Financial institutions like banks can also provide private student loans. These typically require a good credit score, and you can take out as much as you need (as long as you’re approved for it).

Another big difference: with private loans, you typically start making payments immediately and have a fixed repayment schedule set by your lender. With federal loans, you may not have to pay while you’re in school, you get a six-month grace period after you graduate, and you can choose from four repayment plans.

Federal loan repayment options

Federal loans give you flexibility with repayment. If you’re struggling to make monthly payments, you can choose one of four Income-Driven Repayment (IDR) plans that may work better for your situation.

Each of these plans allows for payments based on your income, usually 10-20% of it with a few exceptions, which makes individual payments more manageable. Unfortunately, this usually also means you’ll be making payments for longer. Check out the Federal Student Loan website for more detailed information on each plan.

If you want to pay off your loans faster, you can also select a Graduated Repayment Plan, which increases your payments periodically, ensuring you pay off your loans in 10 years.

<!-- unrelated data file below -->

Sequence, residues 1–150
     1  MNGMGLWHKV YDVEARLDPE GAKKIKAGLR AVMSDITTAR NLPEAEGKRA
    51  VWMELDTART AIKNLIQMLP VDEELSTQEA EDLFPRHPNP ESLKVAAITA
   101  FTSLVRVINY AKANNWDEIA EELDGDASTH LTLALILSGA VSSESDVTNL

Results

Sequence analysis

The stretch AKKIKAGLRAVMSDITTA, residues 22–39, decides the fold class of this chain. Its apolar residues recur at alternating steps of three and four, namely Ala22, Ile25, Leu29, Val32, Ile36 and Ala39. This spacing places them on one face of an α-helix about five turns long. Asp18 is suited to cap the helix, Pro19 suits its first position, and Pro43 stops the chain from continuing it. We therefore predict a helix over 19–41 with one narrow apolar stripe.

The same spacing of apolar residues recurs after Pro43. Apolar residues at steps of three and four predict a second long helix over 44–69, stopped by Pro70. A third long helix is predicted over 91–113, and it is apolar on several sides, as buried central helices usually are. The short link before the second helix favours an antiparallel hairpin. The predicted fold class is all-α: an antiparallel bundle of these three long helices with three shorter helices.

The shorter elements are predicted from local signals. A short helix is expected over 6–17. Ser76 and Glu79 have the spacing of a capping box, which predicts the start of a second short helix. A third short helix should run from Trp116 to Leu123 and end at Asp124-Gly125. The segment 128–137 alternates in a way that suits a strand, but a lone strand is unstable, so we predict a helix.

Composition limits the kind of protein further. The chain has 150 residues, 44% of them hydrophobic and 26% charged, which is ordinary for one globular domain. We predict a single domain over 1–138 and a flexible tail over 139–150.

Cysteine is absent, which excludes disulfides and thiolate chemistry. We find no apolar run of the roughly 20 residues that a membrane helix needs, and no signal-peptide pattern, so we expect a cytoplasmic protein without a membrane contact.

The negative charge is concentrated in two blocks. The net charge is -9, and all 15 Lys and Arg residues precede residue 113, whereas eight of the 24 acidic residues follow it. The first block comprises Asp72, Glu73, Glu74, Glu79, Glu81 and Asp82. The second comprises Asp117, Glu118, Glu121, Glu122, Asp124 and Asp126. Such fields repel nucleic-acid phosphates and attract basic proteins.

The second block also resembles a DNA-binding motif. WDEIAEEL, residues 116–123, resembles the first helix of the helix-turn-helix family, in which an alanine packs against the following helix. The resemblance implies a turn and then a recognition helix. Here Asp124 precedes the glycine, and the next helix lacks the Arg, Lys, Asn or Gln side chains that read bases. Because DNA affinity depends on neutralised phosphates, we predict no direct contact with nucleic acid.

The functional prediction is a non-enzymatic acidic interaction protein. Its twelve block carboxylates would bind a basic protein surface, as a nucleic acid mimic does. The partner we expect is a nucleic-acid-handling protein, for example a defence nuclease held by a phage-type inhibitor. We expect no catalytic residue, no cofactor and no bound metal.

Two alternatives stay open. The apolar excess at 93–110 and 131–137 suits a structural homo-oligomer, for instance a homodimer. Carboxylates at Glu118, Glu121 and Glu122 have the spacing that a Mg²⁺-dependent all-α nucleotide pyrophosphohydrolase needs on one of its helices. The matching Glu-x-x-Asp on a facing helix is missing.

There’s also another way to ditch your federal loan payments ahead of schedule: loan forgiveness.

Student loan forgiveness

With federal loans, there are two pathways to loan forgiveness:

  • Public service
  • Income-Driven Repayment

Go into the right line of work after college, and you could be eligible for Public Student Loan Forgiveness (PSLF). This is available to students who pursue careers with nonprofits, government agencies, and some public sectors. If you make monthly qualifying payments for 10 years, then you can apply for forgiveness.

If you don’t qualify for PSLF, but you’re on an IDR plan, you have another potential pathway to forgiveness. After 20-25 years of monthly payments, you may qualify for forgiveness, too. Unfortunately, on this path, you have to pay income taxes on the amount that was forgiven. (This is referred to as a “tax bomb.”)

Consolidating and refinancing student loans

Sometimes it’s tough to juggle multiple repayment schedules, interest rates, and payment amounts. If you’re having a hard time keeping track of your student loans, you may want to consider consolidating them so you have one monthly payment.

Consolidating through a private institution could also give you a new interest rate (the average of your old ones, or sometimes lower, depending on your circumstances) and let you adjust your payment time horizon.

The federal consolidation program won’t change your interest rate, but it will still group your loans into a single payment for you.

Whatever loans you wind up with and whatever your repayment plan, make sure you stay on top of your minimum payments. Fees and penalties can significantly increase your debt over time.

Find your path to education

Education is expensive. But it’s not out of reach. Saving early and investing in a 529 plan is one of the best ways to finance your education, but using student loans wisely works fine, too. Just be sure you have a strategy to repay any debt, so you can focus on pursuing your passion and starting your career.